A Business Plan to Open an Investor’s Wallet

“If your motivation is funding, they’re going to ask for the specific additional information they want.”

So you may have a fantastic business concept, alternatively you may have an established business that you want to grow, but you need funds and a way to convince investors that they’ll see a return on their investment in your business. The thought of putting together a business plan that will effectively “sell” your business concept to seasoned investors is intimidating, but it’s also essential in getting the funding you desire. A well rounded business plan will provide you with valuable insight into your business, its potential for success, and the areas in which you may want to fine-tune your operating model.

My advice to you would be to keep it simple. An effective business plan can be short, ten pages or less. No one wants to read a really long plan.

In fact, ideally I don’t think you need much beyond great financials and an impressive executive summary. Potential investors are going to ask for whatever additional information they’re interested in whether you’ve written ten pages or 100. If you’ve done your homework and put together an impressive, tight little package, then you’re going to be in great shape. No one wants to read a 50 page business plan.

If your motivation is funding, they’re going to ask for the specific additional information they want. Your plan is more likely to be too long than too short. Too short is not good mind you, and would mean you’re missing critical information.

Do Your Homework

Just because you’re writing a succinct (and therefore effective) business plan that hits on the critical elements for potential investors doesn’t mean you shouldn’t do copious homework in preparing that nice, little plan. You absolutely should. Especially when it comes to knowing your financials. The easiest and most accurate way to do this is to build the financials from the bottom up. If it’s a new business, then start by determining your market, then what percent of that market you are going to get, how much are they going to spend (lifetime value), and how much is it going to cost you to get them? If you can answer these questions accurately for the first twelve months, year two, and year three, then your financials are going to be in a good, realistic state for potential investors to pick them apart and (hopefully) like what they see.

Critical Elements of an Effective Business Plan and Pitch

Your plan and pitch to investors should address each of these topics:

  • What market problem you’re solving
  • How you’re solving it
  • Target market, size, and segmentation
  • Your sales channels
  • Marketing efforts
  • Competitor analysis and your competitive advantage
  • Real financial projections
  • Key milestones in your business to date and a timeline of expected milestones to come
  • Key team members and advisers championing your success

The Pitch: Tell your story

Once you’ve put your business plan together, ensured it’s not too long, and that it covers all of the important bases, then it’s time to start working on your pitch. I won’t go into too much detail here except to say that people (and don’t forget that investors are people too) love a compelling story. If you can find a way to weave the elements of your business plan into a tale that illustrates how your business is going to solve people’s problems, gain their loyalty, and generate revenue then it’s going to be a lot easier for you to pitch to investors. After all, stories engage our emotions and get us to root for the protagonist to win.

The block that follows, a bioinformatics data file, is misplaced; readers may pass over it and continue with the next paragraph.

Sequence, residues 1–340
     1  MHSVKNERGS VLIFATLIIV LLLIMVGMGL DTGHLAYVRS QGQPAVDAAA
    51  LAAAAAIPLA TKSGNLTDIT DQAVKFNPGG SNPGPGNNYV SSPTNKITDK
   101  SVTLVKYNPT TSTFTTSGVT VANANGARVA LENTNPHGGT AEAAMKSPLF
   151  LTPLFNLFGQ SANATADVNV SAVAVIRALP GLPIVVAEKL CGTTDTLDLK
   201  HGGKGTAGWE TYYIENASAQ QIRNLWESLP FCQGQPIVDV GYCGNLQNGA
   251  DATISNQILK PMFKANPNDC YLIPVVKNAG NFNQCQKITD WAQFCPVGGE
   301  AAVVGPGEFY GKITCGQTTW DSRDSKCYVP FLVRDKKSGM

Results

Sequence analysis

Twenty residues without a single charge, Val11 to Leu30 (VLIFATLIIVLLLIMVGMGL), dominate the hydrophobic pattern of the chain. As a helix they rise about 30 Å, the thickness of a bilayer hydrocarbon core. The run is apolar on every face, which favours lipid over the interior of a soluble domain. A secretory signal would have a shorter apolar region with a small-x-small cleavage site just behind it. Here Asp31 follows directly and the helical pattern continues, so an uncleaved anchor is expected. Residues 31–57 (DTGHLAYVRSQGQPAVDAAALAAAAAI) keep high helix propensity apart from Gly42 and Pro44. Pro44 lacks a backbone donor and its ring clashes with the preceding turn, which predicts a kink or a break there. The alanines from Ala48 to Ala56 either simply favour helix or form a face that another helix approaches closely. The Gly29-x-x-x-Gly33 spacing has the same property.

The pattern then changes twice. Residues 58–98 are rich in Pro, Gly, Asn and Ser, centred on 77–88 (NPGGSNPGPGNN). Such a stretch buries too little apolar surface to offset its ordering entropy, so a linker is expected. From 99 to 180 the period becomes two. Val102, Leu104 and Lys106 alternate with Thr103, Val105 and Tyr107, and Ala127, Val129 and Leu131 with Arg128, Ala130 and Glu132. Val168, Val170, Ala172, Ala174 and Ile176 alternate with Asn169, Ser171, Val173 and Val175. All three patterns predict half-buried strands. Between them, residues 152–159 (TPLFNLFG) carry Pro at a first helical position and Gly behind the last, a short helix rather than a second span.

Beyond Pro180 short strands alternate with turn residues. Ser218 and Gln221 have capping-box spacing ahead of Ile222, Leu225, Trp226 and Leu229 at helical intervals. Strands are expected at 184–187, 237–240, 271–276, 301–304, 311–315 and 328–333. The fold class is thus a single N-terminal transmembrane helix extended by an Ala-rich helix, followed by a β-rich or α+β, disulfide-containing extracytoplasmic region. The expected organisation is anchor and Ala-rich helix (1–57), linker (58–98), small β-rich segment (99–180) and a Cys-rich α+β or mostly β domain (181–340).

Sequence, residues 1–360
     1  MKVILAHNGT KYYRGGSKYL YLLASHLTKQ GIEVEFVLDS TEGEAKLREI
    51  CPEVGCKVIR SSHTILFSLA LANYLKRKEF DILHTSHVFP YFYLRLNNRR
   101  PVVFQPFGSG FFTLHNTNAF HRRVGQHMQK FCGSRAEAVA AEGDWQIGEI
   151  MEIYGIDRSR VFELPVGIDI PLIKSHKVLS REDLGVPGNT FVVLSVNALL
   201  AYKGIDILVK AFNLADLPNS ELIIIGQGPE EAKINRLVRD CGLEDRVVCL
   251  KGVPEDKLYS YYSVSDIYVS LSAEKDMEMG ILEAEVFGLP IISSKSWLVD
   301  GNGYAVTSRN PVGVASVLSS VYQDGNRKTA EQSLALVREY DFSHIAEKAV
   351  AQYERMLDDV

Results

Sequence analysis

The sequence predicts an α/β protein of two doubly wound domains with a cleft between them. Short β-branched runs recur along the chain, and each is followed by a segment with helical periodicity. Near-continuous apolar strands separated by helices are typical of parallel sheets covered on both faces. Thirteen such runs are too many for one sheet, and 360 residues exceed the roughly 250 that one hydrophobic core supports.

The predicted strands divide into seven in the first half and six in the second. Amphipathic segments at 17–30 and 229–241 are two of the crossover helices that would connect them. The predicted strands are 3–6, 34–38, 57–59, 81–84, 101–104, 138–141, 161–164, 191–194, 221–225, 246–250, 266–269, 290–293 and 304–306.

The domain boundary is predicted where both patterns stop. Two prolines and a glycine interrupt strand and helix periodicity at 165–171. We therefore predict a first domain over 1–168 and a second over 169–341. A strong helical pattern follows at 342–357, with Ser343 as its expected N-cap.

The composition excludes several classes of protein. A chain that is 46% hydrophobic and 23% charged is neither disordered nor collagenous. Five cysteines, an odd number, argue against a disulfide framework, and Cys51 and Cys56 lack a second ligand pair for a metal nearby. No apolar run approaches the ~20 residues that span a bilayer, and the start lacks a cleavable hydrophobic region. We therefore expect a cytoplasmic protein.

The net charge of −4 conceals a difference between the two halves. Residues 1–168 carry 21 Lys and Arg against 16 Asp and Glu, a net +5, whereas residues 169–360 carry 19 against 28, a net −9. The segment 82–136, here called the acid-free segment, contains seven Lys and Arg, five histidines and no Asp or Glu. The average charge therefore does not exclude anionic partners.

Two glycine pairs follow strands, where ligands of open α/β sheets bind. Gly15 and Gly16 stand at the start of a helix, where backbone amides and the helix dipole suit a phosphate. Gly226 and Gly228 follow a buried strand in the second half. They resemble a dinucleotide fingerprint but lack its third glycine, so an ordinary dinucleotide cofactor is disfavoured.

Make your business the hero of your story and back that story up with facts and figures to prove your potential for success and investors will appreciate the work you’ve put in and be much more likely to infuse your enterprise with the funds it needs to get up and running.

Investment Exit Strategy

Forbes contributors strongly emphasise the importance of your exit strategy. This is the bottom line of “how the investor will make money (aka “the exit”) from investing in your business proposal.” It comes on high recommendation that you prepare to answer the obvious questions investors will have at the end of your pitch including how their investment will be monetised, which may include licensing agreements and your strategy to sell your company to another, larger company.

Hundreds of episodes of Dragon’s Den have taught us that if you don’t know your business inside-out and if you don’t come across as capable of running your business without the ongoing guidance of your backers, you’re not going to stand much of a chance. Investors are just as the title suggests – investors. They’re the deep-pockets with the connections that we turn to when we want help launching and growing our business. They’re the step ladder, but are not there to run your business unless that’s part of the agreement. That’s what you’re supposed to be doing so know your business and be ready for the questions!